Wednesday, February 15, 2012

Fire Kills Hundreds in Overcrowded Honduran Prison



More than 300 inmates are feared to have died when a fire broke out in a prison in Honduras

Authorities said that 356 prisoners were unaccounted for out of the total 852, but said that some of these might have escaped. One of the dead is a female visitor who was staying overnight.

The fire began Tuesday night in the prison in Comayagua, but it is not yet known whether it was caused by an electrical fault or by an inmate setting fire to a mattress. Local fire fighters described hellish scenes, reporting that "some 100 prisoners were burned to death or suffocated in their cells. … "We couldn't get them out because we didn't have the keys and couldn't find the guards who had them."

One prisoner told local media that their calls for help were at first ignored. “"For a while, nobody listened. But after a few minutes, which seemed like an eternity, a guard appeared with keys and let us out," he said.”

The tragedy highlights the deep problems of the Honduran prison system -- the Comayagua facility was well over capacity in terms of number of inmates it was designed to hold, according to Reuters.

One reason for overcrowding in Honduras’ prisons is the “mano dura” or iron fist approach to crime, which concentrates on locking up members of youth gangs, sometimes just for being associated with the gangs rather than for a specific crime. Overcrowding and lack of resources means that discipline is poor. Prisons are dominated by powerful gangs of inmates, and criminals often carry on their activities from inside the jails. Some half of all extortions in Tegucigalpa are carried out from within the city’s jail, according to Honduran authorities.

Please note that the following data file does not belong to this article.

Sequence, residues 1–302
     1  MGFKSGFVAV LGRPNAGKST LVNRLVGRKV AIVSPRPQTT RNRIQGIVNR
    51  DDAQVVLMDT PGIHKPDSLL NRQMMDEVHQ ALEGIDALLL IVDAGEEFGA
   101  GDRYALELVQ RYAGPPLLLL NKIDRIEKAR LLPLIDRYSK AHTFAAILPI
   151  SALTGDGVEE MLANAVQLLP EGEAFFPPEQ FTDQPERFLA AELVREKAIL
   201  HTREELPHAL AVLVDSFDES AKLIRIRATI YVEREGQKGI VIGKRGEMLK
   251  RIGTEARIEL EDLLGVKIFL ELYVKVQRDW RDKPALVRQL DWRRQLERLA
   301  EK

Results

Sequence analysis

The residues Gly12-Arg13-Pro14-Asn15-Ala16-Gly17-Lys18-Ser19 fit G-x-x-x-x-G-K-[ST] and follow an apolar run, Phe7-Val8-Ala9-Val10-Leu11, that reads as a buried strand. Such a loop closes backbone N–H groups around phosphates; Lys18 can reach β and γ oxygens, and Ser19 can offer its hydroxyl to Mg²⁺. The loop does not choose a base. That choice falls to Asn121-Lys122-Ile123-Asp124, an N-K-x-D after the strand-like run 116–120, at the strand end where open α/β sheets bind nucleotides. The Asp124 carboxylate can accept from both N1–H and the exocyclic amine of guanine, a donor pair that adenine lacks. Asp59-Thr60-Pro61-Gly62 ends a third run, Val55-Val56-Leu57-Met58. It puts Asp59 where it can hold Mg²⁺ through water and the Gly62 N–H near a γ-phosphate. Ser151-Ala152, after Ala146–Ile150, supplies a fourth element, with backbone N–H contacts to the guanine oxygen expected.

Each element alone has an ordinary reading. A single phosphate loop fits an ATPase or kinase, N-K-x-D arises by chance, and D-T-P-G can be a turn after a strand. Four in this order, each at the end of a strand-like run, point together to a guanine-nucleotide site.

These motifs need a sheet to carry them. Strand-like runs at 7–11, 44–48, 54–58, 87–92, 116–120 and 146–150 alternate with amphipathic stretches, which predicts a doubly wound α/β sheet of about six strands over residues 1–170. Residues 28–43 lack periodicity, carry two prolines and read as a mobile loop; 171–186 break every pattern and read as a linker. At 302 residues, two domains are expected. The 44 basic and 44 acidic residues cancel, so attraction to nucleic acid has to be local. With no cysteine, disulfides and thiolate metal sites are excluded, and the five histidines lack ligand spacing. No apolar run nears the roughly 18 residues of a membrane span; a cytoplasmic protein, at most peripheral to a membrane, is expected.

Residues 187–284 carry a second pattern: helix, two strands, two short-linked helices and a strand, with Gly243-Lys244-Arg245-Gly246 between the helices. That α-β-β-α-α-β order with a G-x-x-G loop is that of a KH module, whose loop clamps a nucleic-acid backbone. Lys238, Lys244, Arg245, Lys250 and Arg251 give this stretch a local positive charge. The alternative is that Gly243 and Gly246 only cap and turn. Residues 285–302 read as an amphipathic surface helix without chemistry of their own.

The shortcomings of the prison system have been exposed again and again by incidents in which prisoners lose their lives. In 2004, more than 100 inmates died in a fire in a prison in the city of San Pedro Sula. In 2006, 13 inmates died in a riot in a prison north of Tegucigalpa. Nine died in riots in a San Pedro Sula prison as recently as October.

In 2010 President Porfirio Lobo declared an emergency in July 2010 in nine of the country’s 24 prisons. This latest disaster could force the government to carry out real reforms.


News Briefs
  • Fresh from his calls for debate on drug legalization, Guatemala’s new President Otto Perez has made more progressive statements on security. Voted in on a tough-on-crime platform, the president has now said that he will tackle hunger as part of his security strategy, declaring that “Hunger is also violence, and is also a security problem,” reports the Associated Press. As website Plaza Publicahas pointed out, more people die in Guatemala from hunger than from violence, with some 18 minors dying each day from malnutrition, and 15 - 17 from violence.